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The History Of Herodotus Volume 2 of 2

Page: 122

143. Now there was one man of the Athenians who had lately been coming forward to take a place among the first, whose name was Themistocles, called son of Neocles. This man said that the interpreters of oracles did not make right conjecture of the whole, and he spoke as follows, saying that if these words that had been uttered referred really to the Athenians, he did not think it would have been so mildly expressed in the oracle, but rather thus, "Salamis, thou the merciless," instead of "Salamis, thou the divine," at least if its settlers were destined to perish round about it: but in truth the oracle had been spoken by the god with reference to the enemy, if one understood it rightly, and not to the Athenians: therefore he counselled them to get ready to fight a battle by sea, for in this was their bulwark of wood. When Themistocles declared his opinion thus, the Athenians judged that this was to be preferred by them rather than the advice of the interpreters of oracles, who bade them not make ready for a sea-fight, nor in short raise their hands at all in opposition, but leave the land of Attica and settle in some other.

144. Another opinion too of Themistocles before this one proved the best at the right moment, when the Athenians, having got large sums of money in the public treasury, which had come in to them from the mines which are at Laureion, were intending to share it among themselves, taking each in turn the sum of ten drachmas. Then Themistocles persuaded the Athenians to give up this plan of division and to make for themselves with this money two hundred ships for the war, meaning by that the war with the Eginetans: for this war having arisen 130 proved in fact the salvation of Hellas at that time, by compelling the Athenians to become a naval power. And the ships, not having been used for the purpose for which they had been made, thus proved of service at need to Hellas. These ships then, I say, the Athenians had already, having built them beforehand, and it was necessary in addition to these to construct others. They resolved then, when they took counsel after the oracle was given, to receive the Barbarian invading Hellas with their ships in full force, following the commands of the god, in combination with those of the Hellenes who were willing to join them.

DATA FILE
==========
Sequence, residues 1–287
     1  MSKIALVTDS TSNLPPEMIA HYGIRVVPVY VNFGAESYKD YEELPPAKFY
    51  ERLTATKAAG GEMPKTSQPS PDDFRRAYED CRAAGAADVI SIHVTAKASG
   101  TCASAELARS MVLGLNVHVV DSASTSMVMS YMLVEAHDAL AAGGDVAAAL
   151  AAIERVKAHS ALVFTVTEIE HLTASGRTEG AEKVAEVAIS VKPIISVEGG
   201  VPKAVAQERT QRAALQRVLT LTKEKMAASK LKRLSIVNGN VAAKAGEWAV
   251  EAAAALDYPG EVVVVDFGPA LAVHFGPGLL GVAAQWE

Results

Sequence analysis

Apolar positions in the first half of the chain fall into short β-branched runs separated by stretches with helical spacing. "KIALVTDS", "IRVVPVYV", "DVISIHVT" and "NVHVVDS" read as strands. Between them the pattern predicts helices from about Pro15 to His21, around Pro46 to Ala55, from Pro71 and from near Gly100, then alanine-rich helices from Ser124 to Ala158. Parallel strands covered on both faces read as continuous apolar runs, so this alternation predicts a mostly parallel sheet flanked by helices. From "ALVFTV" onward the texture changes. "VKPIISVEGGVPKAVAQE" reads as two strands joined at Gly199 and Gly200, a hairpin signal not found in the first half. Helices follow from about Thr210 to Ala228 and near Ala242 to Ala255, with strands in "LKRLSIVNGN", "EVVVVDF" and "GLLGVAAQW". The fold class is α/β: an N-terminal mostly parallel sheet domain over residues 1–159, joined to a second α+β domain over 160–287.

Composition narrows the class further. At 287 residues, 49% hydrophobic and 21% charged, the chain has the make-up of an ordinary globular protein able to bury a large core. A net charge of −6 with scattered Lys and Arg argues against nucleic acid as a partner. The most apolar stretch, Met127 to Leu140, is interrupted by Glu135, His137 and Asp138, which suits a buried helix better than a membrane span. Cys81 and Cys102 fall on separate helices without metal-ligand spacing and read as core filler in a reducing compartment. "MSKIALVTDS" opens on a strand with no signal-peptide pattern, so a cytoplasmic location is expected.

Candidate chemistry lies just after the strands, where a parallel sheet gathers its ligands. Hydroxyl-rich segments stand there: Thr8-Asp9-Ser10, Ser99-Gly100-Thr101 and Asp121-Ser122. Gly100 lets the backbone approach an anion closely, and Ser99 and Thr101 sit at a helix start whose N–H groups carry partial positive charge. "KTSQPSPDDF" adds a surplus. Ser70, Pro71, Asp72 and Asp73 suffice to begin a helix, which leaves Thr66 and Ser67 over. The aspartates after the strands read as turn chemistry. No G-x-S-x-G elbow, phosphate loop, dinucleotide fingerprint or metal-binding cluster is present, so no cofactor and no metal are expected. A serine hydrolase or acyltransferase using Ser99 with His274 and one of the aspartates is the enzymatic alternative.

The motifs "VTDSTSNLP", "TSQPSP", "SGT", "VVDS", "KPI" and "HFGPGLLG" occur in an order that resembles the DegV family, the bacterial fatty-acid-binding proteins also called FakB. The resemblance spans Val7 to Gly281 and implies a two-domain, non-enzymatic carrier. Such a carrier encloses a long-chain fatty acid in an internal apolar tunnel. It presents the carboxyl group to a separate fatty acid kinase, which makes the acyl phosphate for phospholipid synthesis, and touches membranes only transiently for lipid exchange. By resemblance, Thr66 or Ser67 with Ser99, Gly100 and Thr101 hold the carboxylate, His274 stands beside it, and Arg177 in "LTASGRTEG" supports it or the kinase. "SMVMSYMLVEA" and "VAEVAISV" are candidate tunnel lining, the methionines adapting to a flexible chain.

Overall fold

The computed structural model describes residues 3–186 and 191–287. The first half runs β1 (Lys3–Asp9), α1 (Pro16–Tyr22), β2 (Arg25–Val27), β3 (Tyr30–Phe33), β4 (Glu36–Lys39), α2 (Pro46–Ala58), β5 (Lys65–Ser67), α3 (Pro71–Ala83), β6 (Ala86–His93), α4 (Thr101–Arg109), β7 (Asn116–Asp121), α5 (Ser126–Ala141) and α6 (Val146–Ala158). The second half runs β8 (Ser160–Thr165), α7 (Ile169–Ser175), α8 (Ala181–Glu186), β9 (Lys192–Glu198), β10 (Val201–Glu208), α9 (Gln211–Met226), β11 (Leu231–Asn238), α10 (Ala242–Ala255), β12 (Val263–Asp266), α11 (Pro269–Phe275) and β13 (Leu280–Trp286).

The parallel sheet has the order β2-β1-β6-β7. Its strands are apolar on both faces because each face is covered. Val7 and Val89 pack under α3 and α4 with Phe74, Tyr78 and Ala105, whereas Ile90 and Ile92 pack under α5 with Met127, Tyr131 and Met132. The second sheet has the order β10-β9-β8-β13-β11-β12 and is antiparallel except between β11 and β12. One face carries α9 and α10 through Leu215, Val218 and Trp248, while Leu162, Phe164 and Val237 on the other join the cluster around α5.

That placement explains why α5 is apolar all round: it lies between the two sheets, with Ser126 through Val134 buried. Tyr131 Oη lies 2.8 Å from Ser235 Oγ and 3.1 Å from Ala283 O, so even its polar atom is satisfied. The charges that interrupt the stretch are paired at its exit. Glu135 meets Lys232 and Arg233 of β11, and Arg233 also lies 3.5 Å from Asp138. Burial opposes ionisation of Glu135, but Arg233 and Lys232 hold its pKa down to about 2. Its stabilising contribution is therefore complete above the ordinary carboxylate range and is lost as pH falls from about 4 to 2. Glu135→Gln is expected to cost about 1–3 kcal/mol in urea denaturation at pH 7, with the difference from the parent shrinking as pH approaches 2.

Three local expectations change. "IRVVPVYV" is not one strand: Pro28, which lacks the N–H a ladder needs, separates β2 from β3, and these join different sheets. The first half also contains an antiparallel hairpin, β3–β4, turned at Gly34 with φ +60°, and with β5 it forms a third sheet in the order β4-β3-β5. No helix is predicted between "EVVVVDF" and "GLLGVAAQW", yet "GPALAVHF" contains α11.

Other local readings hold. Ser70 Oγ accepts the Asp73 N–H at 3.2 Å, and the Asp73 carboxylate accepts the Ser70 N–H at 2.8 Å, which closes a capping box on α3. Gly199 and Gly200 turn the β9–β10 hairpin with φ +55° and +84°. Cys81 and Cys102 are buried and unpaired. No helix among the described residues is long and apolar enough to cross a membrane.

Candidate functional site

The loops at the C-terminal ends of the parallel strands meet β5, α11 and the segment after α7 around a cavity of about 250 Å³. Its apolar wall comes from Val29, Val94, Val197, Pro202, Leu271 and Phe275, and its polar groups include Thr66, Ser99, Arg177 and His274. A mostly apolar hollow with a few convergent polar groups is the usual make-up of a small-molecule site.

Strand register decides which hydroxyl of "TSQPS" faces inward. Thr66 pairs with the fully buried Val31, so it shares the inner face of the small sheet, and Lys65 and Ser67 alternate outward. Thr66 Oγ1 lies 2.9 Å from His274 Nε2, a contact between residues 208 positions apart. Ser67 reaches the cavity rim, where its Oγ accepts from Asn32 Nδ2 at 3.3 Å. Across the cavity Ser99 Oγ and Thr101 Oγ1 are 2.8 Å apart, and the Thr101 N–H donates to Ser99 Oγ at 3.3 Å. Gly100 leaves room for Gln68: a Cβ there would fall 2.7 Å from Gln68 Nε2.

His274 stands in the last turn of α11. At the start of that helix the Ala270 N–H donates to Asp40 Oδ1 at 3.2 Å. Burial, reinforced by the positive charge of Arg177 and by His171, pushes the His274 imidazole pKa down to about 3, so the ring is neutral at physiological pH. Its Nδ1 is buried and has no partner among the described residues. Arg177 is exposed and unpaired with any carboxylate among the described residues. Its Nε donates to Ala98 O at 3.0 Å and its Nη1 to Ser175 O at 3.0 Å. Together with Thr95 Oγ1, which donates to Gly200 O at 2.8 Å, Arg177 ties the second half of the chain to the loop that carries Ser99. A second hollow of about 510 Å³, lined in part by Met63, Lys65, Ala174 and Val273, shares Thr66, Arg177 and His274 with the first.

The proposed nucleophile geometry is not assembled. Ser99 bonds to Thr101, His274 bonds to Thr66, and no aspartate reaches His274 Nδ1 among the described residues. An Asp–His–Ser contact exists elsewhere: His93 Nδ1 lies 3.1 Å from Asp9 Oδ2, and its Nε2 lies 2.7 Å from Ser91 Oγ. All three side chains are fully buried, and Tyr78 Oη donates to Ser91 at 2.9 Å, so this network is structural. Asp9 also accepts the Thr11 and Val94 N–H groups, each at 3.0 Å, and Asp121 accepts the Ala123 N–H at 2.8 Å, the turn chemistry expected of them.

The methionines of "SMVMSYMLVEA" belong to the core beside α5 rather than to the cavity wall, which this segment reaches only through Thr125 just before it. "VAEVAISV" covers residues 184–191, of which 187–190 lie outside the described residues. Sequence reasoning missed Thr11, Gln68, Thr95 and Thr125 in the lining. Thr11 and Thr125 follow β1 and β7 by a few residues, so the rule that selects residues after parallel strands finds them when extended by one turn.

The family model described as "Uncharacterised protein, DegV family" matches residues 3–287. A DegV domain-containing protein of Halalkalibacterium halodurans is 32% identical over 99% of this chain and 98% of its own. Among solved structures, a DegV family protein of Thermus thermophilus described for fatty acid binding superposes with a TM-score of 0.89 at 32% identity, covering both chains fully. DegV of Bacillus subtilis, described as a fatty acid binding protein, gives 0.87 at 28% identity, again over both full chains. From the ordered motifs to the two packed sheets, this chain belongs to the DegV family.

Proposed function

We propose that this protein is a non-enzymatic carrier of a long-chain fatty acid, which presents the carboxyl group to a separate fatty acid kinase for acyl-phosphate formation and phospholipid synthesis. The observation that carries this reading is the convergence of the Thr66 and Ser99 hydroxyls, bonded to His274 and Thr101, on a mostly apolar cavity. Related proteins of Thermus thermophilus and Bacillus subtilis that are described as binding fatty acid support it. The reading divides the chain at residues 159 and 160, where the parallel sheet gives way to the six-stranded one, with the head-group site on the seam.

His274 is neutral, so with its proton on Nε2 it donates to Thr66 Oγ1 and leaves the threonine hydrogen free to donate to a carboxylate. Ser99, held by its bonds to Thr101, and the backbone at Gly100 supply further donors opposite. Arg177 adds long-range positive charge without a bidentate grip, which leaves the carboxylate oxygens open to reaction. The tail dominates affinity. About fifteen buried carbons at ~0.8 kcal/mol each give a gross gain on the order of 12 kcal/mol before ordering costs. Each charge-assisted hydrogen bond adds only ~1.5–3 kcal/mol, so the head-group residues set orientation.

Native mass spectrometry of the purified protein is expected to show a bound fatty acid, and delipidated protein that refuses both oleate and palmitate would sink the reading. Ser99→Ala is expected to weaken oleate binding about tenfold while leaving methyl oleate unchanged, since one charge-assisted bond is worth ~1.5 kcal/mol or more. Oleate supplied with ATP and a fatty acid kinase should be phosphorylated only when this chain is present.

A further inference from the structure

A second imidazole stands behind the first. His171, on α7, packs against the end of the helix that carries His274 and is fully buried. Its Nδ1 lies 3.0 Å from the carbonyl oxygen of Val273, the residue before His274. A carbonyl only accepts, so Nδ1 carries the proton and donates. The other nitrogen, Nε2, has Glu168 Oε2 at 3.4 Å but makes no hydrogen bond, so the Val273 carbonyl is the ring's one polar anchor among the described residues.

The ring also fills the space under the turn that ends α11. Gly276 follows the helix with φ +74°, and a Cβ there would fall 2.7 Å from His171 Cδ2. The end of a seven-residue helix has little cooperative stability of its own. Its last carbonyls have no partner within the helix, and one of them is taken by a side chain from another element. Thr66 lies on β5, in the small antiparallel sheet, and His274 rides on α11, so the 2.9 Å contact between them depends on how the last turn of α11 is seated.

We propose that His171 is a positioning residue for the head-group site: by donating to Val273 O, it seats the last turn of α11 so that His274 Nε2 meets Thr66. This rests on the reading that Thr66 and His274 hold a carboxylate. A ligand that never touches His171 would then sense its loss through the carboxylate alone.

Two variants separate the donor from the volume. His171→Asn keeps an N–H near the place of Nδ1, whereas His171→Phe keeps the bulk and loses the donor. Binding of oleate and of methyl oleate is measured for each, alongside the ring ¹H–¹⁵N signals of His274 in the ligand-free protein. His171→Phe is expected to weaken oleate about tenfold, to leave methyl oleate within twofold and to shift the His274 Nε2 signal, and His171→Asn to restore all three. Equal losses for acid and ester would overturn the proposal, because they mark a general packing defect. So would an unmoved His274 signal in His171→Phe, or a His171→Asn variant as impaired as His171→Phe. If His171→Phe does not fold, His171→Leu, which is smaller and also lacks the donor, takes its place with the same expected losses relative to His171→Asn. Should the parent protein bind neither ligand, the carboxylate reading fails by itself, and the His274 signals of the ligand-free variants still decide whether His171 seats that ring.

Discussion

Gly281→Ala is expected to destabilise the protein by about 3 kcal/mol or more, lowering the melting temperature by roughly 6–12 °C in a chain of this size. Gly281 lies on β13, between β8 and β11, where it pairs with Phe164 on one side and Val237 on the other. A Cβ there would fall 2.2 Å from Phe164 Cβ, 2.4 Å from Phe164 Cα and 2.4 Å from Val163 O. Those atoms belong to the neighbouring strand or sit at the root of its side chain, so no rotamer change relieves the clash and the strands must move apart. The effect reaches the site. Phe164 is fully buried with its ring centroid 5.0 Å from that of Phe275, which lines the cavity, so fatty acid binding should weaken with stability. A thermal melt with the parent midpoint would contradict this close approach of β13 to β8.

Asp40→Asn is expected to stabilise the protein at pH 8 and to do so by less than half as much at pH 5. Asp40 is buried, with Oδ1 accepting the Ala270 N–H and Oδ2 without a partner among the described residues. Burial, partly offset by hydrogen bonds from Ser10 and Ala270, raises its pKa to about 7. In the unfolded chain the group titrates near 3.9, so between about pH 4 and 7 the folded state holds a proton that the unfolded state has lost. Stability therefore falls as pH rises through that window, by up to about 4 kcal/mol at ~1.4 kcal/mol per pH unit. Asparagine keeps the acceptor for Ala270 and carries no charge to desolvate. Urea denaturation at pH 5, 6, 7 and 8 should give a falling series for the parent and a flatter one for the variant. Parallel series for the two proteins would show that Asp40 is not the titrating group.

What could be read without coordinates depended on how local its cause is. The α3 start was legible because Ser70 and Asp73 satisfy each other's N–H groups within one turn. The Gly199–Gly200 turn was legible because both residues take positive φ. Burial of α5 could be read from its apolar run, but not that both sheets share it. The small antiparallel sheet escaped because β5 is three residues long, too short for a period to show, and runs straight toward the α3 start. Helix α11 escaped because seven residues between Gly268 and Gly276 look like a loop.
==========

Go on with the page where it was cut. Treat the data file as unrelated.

145. These oracles had been given before to the Athenians: and when those Hellenes who had the better mind about Hellas 131 came together to one place, and considered their affairs and interchanged assurances with one another, then deliberating together they thought it well first of all things to reconcile the enmities and bring to an end the wars which they had with one another. Now there were wars engaged 132 between others also, and especially between the Athenians and the Eginetans. After this, being informed that Xerxes was with his army at Sardis, they determined to send spies to Asia to make observation of the power of the king; and moreover they resolved to send envoys to Argos to form an alliance against the Persian, and to send others to Sicily to Gelon the son of Deinomenes and also to Corcyra, to urge them to come to the assistance of Hellas, and others again to Crete; for they made it their aim that if possible the Hellenic race might unite in one, and that they might join all together and act towards the same end, since dangers were threatening all the Hellenes equally. Now the power of Gelon was said to be great, far greater than any other Hellenic power.


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